Twenty Four<br><i>Four years of frustration could end today</i>
Staff photo by Jared Dort
Trademark: Defensive specialist Alfonso Pesquiera steals a ball away from a Blue Ridge forward during last week's game. Camp Verde has always been a solid defensive team in the past, and this year is no different.
The following season he came up with a motto, one that he preaches before the first day of practice. The way Miller sees it, a season in Camp Verde should run 24 games long. That’s 20 regular season games and four in the postseason.
"If you play 24 games in the season you’re playing in the state championship. That's been our goal all along the way," Miller said.
Fast forward to this season. Since 2000, Camp Verde has made three more appearances in the semifinals. All of those campaigns ended short of the finals. Miller and his squad is out to reach that magic number at this year’s state tournament. Once again, they’ve made it to 23.
"Our goal is to be playing on the first Saturday in November. We circle that on our calendar," Miller said. "In the past we’ve had all the numbers to get to 23, but that’s not our goal. Win, lose or draw, we’d like to play in No. 24."
Miller is not the only one who’s experienced that feeling of coming up one game short. The senior nucleus has been witness to three years of frustration. Seth McCabe, Andy Brooks, Trevor Hammond, Zach Davis and Isaac Orellana have been there, and done that.
They played in the 2001 loss to Blue Ridge, the 2002 defeat by Sedona and last year’s loss to Show Low.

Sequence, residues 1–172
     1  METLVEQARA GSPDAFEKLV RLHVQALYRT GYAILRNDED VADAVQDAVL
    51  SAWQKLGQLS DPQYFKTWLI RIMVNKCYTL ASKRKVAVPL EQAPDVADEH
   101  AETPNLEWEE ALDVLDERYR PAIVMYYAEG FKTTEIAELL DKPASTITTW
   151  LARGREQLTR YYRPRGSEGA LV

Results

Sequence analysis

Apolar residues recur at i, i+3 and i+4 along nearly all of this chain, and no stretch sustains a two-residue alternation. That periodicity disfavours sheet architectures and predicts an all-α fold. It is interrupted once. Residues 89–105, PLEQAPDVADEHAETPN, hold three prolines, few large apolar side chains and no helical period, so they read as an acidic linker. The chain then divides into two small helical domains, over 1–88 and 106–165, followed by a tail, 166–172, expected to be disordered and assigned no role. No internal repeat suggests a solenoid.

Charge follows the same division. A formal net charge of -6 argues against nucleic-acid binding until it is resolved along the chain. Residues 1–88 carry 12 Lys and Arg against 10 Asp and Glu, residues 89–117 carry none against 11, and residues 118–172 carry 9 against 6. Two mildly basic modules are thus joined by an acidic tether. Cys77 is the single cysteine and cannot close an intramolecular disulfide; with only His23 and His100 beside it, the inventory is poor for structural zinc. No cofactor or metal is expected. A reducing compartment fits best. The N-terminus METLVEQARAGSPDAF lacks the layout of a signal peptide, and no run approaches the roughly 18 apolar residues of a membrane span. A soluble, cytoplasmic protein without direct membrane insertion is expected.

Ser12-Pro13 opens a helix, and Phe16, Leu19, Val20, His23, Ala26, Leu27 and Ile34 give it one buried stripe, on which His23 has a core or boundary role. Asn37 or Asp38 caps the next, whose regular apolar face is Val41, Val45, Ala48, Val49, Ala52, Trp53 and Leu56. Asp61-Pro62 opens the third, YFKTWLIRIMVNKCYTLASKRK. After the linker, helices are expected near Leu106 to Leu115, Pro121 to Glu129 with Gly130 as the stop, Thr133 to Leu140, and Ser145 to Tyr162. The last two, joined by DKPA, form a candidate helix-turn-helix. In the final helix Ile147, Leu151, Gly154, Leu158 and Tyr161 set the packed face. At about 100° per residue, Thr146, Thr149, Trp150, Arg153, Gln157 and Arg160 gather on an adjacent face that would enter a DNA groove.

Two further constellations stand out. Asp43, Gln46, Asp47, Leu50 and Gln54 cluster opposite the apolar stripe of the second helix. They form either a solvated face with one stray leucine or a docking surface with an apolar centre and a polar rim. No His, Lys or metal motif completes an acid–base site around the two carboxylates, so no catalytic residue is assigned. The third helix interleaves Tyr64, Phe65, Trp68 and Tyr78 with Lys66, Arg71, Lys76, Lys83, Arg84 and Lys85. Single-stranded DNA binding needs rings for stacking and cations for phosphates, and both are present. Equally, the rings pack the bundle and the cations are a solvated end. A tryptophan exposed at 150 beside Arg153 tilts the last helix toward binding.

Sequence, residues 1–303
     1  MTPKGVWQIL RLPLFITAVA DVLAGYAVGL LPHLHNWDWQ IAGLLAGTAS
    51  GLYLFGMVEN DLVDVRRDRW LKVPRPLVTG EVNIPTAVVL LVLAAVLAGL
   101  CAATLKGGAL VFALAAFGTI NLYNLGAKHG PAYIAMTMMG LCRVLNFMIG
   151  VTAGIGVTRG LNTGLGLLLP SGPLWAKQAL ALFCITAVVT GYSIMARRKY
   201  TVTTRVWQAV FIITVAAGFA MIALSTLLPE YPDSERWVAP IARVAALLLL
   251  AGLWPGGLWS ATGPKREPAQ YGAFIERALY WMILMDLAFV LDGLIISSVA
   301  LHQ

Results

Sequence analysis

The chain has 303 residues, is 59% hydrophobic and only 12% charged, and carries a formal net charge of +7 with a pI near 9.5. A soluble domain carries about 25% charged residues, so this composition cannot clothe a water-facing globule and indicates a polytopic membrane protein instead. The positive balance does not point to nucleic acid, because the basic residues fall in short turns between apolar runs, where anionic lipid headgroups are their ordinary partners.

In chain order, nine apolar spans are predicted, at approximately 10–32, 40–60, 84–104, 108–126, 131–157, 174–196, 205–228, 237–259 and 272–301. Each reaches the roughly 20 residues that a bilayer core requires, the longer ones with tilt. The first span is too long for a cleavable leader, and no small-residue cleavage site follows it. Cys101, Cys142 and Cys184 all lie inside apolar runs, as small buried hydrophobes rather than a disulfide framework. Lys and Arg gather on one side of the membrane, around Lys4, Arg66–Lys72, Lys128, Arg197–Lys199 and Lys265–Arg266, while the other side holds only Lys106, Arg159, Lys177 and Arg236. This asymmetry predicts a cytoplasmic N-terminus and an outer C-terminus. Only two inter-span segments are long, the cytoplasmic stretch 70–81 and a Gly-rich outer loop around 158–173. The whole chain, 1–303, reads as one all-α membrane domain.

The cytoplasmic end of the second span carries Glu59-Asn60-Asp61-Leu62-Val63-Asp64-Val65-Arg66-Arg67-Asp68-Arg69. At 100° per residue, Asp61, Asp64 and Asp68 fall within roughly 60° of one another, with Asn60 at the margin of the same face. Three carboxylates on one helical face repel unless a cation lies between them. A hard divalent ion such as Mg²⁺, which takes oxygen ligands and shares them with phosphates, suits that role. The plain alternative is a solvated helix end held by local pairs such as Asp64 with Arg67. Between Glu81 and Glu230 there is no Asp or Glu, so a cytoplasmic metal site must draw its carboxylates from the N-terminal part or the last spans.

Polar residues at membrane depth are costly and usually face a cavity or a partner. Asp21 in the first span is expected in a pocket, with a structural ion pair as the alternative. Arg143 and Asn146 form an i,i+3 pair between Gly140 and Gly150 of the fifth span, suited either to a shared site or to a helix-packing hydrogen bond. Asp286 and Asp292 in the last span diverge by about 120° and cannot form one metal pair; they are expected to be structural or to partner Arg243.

"They think it’s their turn. They feel they’ve earned it," Miller said. "When everything’s said and done, we know we have the players and experience to make the 24th game a competitive match."
Getting to that final game, like every year, will not be easy. To do it, Camp Verde must get past Precision, a scrappy team from the Metro Region.
The team is all too aware what Precision has to offer. They played each other in the Metro last year, splitting the two-game series and sharing the region title.
The Panthers feature a high-powered offense that’s already put up 12 goals in the state tournament, but the Cowboys’ defense has allowed just two. In fact, opponents have been held to just 1.3 goals per outing.
"Defense has always been the hallmark of a Camp Verde team. Our defense plays hard 80 minutes of every game. They’re rarely subbed," Miller said.
Possessing a defense that stingy directly benefits the offense, which has been nothing short of spectacular. With the guys in the back holding it down, players like McCabe, Brooks and Casey Thompson don’t have to worry about helping out. That’s allowed the big three to put up 50 of the Cowboys’ 79 goals this season.
Camp Verde is solid on both sides of the ball, but getting to 24 might involve another factor — luck.
"It’s like that old saying, ‘I’d rather be lucky than good.’ We’ve been good the last four years," Miller said. "There’s a certain amount of luck to make it to the championship in anything. That’s the beauty of the sport. There’s always an intangible aspect of the game, and I think that’s luck."
It’s safe to say the Cowboys haven’t seen much luck in the playoffs during that four-year stint. In 2002, they met Sedona, the eventual champs, in the Final Four. In 2001, they met Blue Ridge, another title winner, in a shootout.
This year’s game may come down to shots from the mark, as well. Of the 12 games played in the tournament so far, three have been decided after double overtime. It seems as if once the competition tightens, widespread victories narrow.
Sedona narrowly edged Show Low in PKs.
"We’ve been working on it a lot in practice. It’s an aspect of the game we need to be prepared for. Right now, we’re ready to send 10 players to the line who can put the ball in the net," Miller said.
In 2000, both Camp Verde and Sedona were eliminated by shots from the mark.
"That was my first year. I’ve learned a lot since then," Miller said. "We’ll be ready for it."